OKRs vs. KPI: How Can They Work Together?

You won't be the only one if you wonder which is better to use - OKRs or KPIs. OKRs are a method of setting systemic goals, whereas KPIs are metrics. They complement each other well when used correctly.

Let’s take a look at the following example. Your organization should support its patient registration platform’s uptime of 99%. This is a metric that represents an important measurement to track. Simply said, this is a KPI. Yes, KPIs are critical for the business's success, but they won’t make a significant change. KPIs are more like “business health metrics,” they don’t move the needle that much in terms of new opportunities, and they don’t always make good OKRs.

However, there are times when a KPI can become an OKR - when you want to change it. Using the same example above, if your registration portal is down 50% of the time and “create an excellent patient registration platform” is the Objective, one of its Key Results might include stabilizing its uptime - from 50% to 99%, which in this example is also a KPI.

In other words, if you systematically achieve a Key Result (outcome), you can turn it into a KPI indicating the health of your business. This way, the newly added KPIs would indicate if your business is functioning well and can drive you toward future outcomes.

Can OKRs Replace KPIs?

While KPIs are considered business as usual (BAU), it is still important to have KPIs in order to track the critical metrics for your business. KPIs can become your OKRs if it’s a metric that you want to change substantially.

We will use an example of a sales team who fell behind on their KPI to contact new clients within the usual period. This KPI can become an OKR for a short period so the sales team can focus their attention on improving that metric. The moment they show that they can meet this metric, it can be again downgraded to a KPI. This way, the management will still pay attention to the metric, but it doesn’t need to be part of the OKRs in the long run.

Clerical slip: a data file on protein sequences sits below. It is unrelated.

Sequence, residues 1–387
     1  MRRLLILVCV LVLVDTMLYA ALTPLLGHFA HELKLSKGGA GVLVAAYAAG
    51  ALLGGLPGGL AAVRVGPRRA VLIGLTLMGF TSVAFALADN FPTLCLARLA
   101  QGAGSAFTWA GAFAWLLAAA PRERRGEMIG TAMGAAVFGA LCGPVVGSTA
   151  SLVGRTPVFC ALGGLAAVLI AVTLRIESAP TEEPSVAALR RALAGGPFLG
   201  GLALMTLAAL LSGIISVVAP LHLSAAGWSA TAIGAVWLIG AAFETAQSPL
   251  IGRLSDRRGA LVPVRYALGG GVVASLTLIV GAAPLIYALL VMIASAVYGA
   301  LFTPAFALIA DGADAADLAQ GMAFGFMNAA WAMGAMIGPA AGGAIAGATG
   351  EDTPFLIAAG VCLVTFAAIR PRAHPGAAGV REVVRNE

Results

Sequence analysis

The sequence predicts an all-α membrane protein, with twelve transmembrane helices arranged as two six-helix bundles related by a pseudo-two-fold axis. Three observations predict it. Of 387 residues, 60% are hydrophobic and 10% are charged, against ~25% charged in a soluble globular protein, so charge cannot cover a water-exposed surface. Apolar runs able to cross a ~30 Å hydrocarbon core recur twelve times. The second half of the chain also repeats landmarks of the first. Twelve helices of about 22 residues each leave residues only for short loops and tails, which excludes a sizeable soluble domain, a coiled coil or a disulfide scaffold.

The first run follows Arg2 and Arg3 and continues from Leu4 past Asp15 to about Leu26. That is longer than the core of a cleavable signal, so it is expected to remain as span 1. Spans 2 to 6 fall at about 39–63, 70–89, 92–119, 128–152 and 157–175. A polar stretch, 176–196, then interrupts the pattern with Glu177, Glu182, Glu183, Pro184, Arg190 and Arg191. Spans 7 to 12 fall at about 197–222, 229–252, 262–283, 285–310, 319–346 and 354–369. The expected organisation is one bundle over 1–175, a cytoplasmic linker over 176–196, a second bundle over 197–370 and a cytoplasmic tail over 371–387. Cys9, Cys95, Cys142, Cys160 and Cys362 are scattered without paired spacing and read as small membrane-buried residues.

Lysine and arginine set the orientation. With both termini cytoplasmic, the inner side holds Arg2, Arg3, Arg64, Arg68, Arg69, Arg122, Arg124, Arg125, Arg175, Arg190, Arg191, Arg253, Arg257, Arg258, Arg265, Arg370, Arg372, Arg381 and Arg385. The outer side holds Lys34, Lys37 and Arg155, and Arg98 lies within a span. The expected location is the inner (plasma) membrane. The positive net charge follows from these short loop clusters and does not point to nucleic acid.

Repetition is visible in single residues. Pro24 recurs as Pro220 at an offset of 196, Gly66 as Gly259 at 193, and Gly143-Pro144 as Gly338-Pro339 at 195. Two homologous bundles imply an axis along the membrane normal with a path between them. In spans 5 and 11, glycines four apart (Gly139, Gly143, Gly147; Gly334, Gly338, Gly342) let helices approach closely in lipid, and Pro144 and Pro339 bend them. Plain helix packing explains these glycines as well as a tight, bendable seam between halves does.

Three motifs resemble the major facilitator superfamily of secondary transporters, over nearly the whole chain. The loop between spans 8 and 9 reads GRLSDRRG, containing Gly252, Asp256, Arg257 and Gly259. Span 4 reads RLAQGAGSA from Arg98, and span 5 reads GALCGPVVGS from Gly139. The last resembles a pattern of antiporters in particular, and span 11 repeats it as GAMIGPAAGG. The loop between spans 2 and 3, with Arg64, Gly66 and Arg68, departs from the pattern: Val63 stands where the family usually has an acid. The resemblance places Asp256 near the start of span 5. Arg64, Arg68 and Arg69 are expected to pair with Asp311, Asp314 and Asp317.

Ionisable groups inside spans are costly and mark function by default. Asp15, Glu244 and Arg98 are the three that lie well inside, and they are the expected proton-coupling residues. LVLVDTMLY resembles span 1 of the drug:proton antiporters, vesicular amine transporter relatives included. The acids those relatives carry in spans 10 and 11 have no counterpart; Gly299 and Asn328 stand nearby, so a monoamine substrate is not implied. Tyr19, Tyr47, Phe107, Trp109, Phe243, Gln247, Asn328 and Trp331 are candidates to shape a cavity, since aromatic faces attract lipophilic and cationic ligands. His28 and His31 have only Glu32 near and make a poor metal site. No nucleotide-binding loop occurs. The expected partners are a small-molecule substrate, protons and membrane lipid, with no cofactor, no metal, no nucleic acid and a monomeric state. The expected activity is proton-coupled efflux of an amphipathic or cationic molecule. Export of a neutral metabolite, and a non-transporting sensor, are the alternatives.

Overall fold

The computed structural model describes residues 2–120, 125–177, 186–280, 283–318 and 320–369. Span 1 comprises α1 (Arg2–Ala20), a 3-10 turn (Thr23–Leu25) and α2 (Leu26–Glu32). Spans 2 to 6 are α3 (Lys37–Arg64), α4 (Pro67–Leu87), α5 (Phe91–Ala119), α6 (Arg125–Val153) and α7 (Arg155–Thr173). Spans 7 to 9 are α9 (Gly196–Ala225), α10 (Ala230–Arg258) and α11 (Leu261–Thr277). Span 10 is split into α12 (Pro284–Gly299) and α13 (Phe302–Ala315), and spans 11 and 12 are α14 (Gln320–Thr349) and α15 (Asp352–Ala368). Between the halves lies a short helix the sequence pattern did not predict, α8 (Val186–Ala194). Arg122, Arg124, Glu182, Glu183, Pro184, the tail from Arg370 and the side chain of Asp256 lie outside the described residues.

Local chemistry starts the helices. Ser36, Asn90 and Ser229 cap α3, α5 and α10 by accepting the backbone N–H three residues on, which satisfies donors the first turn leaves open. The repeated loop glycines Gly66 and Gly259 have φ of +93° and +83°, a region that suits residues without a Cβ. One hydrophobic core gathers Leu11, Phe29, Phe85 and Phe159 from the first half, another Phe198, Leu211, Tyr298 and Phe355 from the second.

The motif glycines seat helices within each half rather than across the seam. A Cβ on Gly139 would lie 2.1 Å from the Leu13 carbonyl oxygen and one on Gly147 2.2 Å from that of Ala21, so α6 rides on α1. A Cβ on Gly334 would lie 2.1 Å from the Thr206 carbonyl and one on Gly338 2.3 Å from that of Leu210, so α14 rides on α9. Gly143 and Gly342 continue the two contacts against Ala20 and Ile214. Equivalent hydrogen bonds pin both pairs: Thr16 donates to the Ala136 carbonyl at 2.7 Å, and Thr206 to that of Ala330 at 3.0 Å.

What Are Some Common Mistakes to Avoid with KPIs?

Here are some of the most common scenarios when KPI mistakes occur.

  • The KPIs are stand-alone targets or goals. Focus on the fact that KPIs are indicators and measures of what is happening with your business.
  • Your KPIs are tracking vanity indicators rather than leading indicators, which can show you the current state of your business and how to improve it.
  • You are measuring the wrong thing simply because you have to measure something.

What Are Some Common Mistakes to Avoid with OKRs?

Here are some common mistakes repeated by OKRs.

  • Being too focused on the Objective. If you set your Objective as a stand-alone metric, your teams may focus too narrowly on the number rather than on learning. Pair Objectives with measurable Key Results and analyze disparities with your eyes on learning how to improve performance.
  • A failure to distinguish between ambitious and committed OKRs.
    Having only moonshots OKRs. Ambitious goals might demotivate your team, especially in the beginning—mix moonshots with roofshots OKRs.
  • “Not trying hard enough” OKRs (or business-as-usual OKRs).

Why Is It Important to Measure Performance?

Your business needs to measure and review performance as it is the only way to improve. When you fail to set objectives, or you define them but do not review them, you miss a valuable opportunity to learn and improve.

By implementing performance metrics, you can learn from both failures and successes. In this way, you may be pleasantly surprised at how quickly you and your team reach your goals and how well your organization functions.

In Summary

OKRs and KPIs are two different approaches to measuring a company’s performance. When implemented correctly, they can complement each other. Just make sure that you understand the difference between OKRs and KPIs:

  • KPIs are metrics that represent your business health.
  • OKRs are your most valuable measurements of future success.